Disciples of Emmaus, you all know what it is like to get your hopes up, only to have them dashed. Whether it be at work, at home, or at school, in your friendships, in sports or politics, or in the plans that you have made for the future of your family.
Actually, in any and all of these areas of life, your hopes are either in the Lord Jesus Christ, or they are in the idols of this world. That is to say, whatever you rely upon, whatever you are counting on, and whatever you are living for, that is your god — and it will either be the one true God, Christ Jesus, crucified and risen from the dead, or one of the pantheon of false god alternatives.
The irony is that your idols may appear to be working for a while, right up until the time when they can’t and won’t, when they are exposed for the empty and perishing posers they are. Whereas the Lord Jesus Christ, hidden under the Cross in this fallen world, appears to be helpless and hopeless and utterly useless — a huge disappointment — despite the promise He once showed.
But, now, what do you have to go on? And what are you going to do about it? You have heard the Word and promises of God, and now you know the rest of the story. So, what say you?
Knowing what you know, and having heard what you have heard, you should understand and believe that the Glory of the Christ comes by the way of His Cross and suffering. And that’s not just ancient history. It is also your story as a disciple of Christ Jesus. You also enter into the Glory of God in Christ — you share His Resurrection and His Life — by the way of His Cross and suffering. Has He not told you ahead of time that it must be so, and what the outcome will be?
This is not about wishful thinking or hoping for the best, but about the faithfulness of the Lord your God, who loves you, and His redemption of you and all His people from sin and death.
It is the story of the Gospel, which you hear and receive in so many ways, because God is so exceedingly rich in His grace toward you. And it is the story that you have been taught to confess with the whole Church in the Creed: The story of Christ Jesus, of His Cross and Resurrection; which is also the story of your Baptism into Christ, and of your daily dying and rising with Him.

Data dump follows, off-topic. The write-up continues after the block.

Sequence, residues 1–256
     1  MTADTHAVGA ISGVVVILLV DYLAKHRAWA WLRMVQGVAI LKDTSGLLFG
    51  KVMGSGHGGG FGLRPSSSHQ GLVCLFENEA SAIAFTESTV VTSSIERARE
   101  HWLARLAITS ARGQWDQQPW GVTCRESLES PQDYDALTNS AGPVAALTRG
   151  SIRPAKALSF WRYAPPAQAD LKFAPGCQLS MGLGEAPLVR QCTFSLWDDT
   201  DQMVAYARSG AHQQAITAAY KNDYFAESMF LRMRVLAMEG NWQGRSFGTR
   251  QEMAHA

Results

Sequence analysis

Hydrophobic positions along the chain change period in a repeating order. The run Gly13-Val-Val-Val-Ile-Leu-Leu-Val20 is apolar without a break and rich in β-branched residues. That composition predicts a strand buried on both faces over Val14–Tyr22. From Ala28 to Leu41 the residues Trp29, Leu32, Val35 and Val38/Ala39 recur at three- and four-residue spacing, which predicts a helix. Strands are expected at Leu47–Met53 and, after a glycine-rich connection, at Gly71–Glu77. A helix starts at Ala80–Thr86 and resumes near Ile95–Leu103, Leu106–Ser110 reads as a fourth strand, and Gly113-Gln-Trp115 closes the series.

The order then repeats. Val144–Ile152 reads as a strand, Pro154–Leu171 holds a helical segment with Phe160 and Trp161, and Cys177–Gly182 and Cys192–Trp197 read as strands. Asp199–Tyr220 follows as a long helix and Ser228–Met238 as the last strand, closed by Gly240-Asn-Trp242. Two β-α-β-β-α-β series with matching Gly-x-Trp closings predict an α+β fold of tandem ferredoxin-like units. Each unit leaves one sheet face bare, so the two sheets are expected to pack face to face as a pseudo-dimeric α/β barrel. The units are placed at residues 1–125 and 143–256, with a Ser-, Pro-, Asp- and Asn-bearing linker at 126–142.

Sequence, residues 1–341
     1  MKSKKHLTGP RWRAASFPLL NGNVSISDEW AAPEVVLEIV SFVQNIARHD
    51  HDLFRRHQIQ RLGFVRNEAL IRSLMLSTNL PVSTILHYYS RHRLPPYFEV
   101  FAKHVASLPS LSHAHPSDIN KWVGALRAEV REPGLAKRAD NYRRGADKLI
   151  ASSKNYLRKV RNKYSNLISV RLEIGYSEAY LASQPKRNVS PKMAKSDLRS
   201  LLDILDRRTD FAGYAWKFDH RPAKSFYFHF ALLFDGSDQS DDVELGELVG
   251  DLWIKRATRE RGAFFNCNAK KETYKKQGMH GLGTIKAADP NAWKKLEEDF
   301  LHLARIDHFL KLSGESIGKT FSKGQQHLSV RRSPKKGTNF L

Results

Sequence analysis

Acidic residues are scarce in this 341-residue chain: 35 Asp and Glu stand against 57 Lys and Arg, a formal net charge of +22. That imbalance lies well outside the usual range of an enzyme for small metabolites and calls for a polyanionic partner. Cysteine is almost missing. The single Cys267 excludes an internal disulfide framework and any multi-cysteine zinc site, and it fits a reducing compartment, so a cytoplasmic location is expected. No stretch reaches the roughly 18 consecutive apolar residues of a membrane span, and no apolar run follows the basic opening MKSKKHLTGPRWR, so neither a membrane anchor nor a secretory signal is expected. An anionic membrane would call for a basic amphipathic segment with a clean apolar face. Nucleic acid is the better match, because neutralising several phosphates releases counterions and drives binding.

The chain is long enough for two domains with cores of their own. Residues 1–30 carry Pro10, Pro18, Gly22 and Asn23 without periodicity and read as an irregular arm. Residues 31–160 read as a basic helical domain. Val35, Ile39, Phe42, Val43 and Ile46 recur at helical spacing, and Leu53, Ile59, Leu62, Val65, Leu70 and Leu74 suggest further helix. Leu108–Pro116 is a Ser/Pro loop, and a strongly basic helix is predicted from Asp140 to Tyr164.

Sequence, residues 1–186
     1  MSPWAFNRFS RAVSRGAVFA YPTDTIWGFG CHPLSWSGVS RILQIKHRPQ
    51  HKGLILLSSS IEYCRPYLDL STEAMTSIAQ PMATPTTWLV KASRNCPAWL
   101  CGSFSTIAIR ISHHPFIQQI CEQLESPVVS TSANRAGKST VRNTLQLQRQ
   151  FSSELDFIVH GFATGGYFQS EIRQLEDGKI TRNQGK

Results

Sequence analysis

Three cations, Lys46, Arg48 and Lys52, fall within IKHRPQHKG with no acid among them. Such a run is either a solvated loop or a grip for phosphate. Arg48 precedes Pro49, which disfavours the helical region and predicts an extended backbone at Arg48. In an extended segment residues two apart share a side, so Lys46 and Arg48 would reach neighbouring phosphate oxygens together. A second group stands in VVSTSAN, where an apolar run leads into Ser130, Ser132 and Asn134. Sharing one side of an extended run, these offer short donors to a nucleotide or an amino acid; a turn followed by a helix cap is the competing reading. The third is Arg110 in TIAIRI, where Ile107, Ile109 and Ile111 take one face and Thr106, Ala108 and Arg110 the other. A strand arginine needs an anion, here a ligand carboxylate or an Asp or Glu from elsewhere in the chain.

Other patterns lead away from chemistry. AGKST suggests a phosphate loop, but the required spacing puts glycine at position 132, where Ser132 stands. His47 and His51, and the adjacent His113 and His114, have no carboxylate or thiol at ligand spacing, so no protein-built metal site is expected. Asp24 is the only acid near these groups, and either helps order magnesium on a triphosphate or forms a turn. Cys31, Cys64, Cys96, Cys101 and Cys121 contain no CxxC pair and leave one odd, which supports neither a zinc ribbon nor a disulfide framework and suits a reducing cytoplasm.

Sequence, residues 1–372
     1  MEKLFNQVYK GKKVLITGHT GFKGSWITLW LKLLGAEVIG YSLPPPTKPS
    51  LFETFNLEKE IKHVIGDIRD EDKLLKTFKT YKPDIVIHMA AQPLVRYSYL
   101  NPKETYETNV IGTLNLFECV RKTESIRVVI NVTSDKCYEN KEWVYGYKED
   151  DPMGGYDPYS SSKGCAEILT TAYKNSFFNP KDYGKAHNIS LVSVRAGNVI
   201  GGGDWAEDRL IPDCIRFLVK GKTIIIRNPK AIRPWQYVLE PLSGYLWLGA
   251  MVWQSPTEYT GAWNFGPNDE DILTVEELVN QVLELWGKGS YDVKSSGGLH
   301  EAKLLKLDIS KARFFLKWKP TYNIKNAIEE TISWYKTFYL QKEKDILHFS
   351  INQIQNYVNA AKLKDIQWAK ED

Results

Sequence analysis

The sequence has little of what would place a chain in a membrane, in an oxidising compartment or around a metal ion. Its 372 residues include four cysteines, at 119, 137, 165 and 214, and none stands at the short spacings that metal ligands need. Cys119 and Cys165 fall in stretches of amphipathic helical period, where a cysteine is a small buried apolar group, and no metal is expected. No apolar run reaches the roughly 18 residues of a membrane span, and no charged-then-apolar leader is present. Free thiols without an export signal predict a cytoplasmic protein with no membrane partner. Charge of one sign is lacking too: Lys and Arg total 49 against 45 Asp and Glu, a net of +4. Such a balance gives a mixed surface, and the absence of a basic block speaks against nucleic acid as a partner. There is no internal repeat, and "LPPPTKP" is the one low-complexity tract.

So why do you seem so surprised by the Cross and suffering, and act as though something strange were happening to you, and as though the story were all over, with a very sad ending indeed?
And how is it, after the events of these past several days, that you could now return to your home and family, to your job and to your every day routines, as though the Lord Jesus Christ had been crucified for nothing, and as though He had not risen from the dead? Even though everything has happened just as He said, and according to the Scriptures, which have always been all about Him.
In truth, your disappointments and discouragements are also part of the Cross that is now laid upon you, in order to put the old Adam in you to death. Not to end in despair, but to raise you up by faith in the Gospel, as the Lord calls you to repentance and teaches you to fix your hope on Him, to find Him and rely on Him in the fruits of His Sacrifice. So that, by the ways and means of His Cross, He would raise you up from death and the grave to share in His Resurrection and His Life.
The Cross is not a last-minute gamble or a last-ditch effort; it’s not even a change in the game plan, but the very thing that God the Lord has determined from the beginning, and even from before the foundation of the world. He created all things in love, and He created Man in His Image and Likeness, fully aware that He would accomplish His purposes by the Cross and Passion of Christ.
Now, it is not for you to ferret out the unrevealed mysteries of God, nor for you to comprehend the mysteries of time and eternity in the mind of God. But you are given simply to hear and believe, to comprehend and confess the revealed Mysteries of God in Christ Jesus, in the Holy Scriptures of the Prophets and Apostles. All things are fulfilled in Him for the forgiveness of your sins, for the comforting of your conscience, for the strengthening of your faith, and for the raising of your body at the last unto the life everlasting of your body and soul in fellowship with the Holy Trinity.